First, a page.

Basal Cell Carcinoma

Basal cell carcinoma spreads very slowly and occurs mostly in adults. is the most common and easiest-to-treat skin cancer. Basal cell tumors can take on many forms, including a pearly white or waxy bump, often with visible blood vessels, on the ears, neck, or face. Tumors can also appear as a flat, scaly, flesh-colored or brown patch on the back or chest, or more rarely, a white, waxy scar.

READ ALSO: Possible New Treatment Discovered for Drug-resistant Skin Cancer

Less Common Skin Cancers

Uncommon types of skin cancer include Kaposi’s sarcoma, mainly seen in people with weakened immune systems; sebaceous gland carcinoma, an aggressive cancer originating in the oil glands in the skin; and Merkel cell carcinoma, which is usually found on sun-exposed areas on the head, neck, arms, and legs but often spreads to other parts of the body.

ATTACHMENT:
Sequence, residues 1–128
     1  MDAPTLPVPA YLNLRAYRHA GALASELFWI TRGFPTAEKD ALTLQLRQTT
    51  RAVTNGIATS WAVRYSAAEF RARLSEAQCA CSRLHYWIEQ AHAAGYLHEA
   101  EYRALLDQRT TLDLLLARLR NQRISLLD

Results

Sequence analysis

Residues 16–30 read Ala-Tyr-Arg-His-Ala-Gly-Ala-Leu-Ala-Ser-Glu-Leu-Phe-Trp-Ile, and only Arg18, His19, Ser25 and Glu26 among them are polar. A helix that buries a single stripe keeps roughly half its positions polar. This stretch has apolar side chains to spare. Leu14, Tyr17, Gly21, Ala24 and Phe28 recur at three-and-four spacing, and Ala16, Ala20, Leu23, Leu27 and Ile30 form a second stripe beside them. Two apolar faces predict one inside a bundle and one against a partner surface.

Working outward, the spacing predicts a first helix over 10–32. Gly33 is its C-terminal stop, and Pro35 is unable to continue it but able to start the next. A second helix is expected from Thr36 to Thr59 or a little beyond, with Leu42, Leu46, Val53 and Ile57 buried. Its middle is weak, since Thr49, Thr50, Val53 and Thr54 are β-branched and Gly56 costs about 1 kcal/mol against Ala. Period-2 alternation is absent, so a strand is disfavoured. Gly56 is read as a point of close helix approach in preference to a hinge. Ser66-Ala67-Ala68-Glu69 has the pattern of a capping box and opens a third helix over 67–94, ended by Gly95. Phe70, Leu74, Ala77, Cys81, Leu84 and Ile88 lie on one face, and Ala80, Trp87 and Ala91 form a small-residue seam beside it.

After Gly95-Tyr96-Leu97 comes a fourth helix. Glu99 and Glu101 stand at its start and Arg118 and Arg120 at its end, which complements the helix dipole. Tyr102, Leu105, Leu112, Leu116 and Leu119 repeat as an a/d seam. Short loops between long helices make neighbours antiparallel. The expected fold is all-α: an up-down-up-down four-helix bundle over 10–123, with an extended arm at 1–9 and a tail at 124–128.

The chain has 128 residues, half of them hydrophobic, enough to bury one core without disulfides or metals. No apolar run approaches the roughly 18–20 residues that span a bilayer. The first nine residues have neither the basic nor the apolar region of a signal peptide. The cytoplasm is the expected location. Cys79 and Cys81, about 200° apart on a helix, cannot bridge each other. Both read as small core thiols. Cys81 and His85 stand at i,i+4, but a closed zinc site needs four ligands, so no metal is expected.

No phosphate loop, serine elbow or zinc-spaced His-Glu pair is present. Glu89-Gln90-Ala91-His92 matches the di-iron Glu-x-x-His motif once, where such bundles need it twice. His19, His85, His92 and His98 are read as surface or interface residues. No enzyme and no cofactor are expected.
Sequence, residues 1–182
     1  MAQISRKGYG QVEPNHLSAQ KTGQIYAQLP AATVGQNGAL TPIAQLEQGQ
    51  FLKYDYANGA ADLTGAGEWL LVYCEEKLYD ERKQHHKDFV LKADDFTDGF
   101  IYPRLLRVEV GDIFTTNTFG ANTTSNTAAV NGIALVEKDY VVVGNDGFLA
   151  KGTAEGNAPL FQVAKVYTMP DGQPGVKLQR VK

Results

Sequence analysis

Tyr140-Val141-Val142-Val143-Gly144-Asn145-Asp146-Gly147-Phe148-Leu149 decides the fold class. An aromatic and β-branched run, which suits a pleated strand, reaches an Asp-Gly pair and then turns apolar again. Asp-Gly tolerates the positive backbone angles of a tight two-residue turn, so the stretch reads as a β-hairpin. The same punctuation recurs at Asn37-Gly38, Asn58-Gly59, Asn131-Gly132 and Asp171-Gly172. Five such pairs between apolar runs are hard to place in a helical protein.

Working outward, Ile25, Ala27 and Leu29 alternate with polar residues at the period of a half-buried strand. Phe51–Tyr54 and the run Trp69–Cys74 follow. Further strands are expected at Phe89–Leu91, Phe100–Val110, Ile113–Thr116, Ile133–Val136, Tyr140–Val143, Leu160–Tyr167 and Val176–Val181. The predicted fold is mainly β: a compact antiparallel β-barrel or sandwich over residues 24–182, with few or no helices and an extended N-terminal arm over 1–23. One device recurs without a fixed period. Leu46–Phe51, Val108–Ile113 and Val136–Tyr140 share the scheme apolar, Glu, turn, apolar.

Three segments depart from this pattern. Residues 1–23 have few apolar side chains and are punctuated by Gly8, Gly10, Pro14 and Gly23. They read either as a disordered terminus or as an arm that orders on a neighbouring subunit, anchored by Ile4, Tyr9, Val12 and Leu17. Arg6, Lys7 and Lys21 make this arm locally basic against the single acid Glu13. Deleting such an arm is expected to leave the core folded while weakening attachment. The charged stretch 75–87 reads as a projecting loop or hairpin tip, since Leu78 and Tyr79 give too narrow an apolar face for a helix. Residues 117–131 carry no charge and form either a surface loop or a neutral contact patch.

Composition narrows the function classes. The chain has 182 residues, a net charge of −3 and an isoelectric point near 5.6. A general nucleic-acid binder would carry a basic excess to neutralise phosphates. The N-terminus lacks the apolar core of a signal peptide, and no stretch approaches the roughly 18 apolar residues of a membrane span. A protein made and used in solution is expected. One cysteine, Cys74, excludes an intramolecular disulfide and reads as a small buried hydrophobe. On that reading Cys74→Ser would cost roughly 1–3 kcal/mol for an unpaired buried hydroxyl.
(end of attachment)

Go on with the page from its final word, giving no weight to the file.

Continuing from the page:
Who Gets Skin Cancer, and Why?

The major cause of skin cancer is sun exposure. However, this doesn’t explain skin cancers that develop on skin not exposed to sunlight. Exposure to environmental hazards, radiation treatment, and even heredity may partly be responsible. Although anyone can get skin cancer, the risk is greatest for people who have:

  • An abundance of large and irregularly-shaped moles
  • A family history of skin cancer
  • Fair skin or light-colored eyes
  • A history of excessive sun exposure or blistering sunburns
  • Lived at high altitudes or with year-round sunshine
  • Received radiation treatments

READ ALSO: Medicinal Cream May Help Stop Return of Skin Cancer

Reduce Your Risk of Skin Cancer

  • Limit your exposure to the ultraviolet rays of the sun, especially between 10 a.m. and 4 p.m., when the sun’s rays are strongest.
  • Apply a broad spectrum sunscreen with an SPF of 30 or higher while outdoors, (don’t forget the lips and ears!).
  • Wear a hat and sunglasses, and cover up with clothing.
  • See a doctor immediately if you notice changes to your skin such as a new growth, a mole changing appearance, or a sore that won’t heal.